Lest someone else take the credit for their hard work, the authors of the message also thoughtfully identified themselves and the organisations that they represented. Yet the FIR registered by the Delhi Police conveniently chose to ignore the offenders. But then as they say, ‘Jab Saiyan Bahe Kotwal Toe Ab Dar Kahe Ka’ (You’ve got nothing to fear when sheriff happens to be…umm…your paramour!)

In any case, the defacement of street signs is nothing when compared to what else has been going on in the name of ‘achche din’ in the republic.

While the prime minister, on his endless global lecture tour – 18 foreign trips in 12 months, as Finance Minister Arun Jaitley revealed – never tires of pontificating to world leaders and the diaspora about the greatness of the Indian (read Hindu) civilisation, fabled tolerance and scientific temper and achievements, his Hindutva-corporate Parivar has been busy showing the nation’s poor, minorities and dispossessed groups their rightful place under the new order.

Doubtless, after long years of the voiceless, faceless and often bewildering leadership of the Sonia Gandhi-Manmohan Singh duo – not to mention the series of scams that dogged the UPA II rule – Modi’s loud, in-your-face, ubiquitous, one-man show has generated a feel-good buzz and general euphoria as far as markets and urban middle classes are concerned.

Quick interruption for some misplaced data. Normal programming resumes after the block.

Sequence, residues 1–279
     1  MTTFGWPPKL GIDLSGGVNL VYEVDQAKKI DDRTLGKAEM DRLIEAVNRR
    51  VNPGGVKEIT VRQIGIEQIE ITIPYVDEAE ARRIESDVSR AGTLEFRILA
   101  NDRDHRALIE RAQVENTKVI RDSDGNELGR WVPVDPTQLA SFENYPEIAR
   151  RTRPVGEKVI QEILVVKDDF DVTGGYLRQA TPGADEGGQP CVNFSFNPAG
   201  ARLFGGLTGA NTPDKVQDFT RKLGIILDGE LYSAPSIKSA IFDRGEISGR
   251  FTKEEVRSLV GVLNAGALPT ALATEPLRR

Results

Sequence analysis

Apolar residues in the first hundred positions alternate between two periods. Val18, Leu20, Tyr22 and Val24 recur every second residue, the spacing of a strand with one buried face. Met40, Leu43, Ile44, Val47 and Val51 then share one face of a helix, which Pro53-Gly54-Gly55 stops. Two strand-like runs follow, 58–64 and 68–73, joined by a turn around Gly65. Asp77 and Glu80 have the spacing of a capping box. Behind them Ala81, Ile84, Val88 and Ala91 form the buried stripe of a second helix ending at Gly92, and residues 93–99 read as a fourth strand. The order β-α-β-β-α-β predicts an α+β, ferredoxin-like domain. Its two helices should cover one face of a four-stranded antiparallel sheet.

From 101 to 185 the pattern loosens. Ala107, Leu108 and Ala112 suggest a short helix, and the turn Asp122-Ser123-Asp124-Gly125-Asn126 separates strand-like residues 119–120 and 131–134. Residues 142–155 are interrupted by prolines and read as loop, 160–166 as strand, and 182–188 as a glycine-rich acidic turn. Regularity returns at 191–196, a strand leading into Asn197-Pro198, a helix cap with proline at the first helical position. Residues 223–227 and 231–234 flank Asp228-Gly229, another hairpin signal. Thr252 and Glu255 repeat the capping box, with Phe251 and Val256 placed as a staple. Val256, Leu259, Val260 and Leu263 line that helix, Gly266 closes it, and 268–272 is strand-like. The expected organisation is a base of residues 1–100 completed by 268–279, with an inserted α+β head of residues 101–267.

As Akbar points out, industry is back in business: Indian companies raised Rs56,801 crore in equity capital against Rs29,381 crore the previous year.

Clever schemes like the Jandhan Yojana and the one-rupee life insurance bringing the elitist banking sector to the so-called have-nots and tapping their immense financial potential at the same time make a big difference. Inflation is down, largely thanks to the sinking global oil prices.

It is no coincidence that the Bombay Stock Exchange, for the first time ever, breached the 30,000-point psychological barrier. They’re pulling out all the stops for foreign investors – especially multinational, big-ticket players.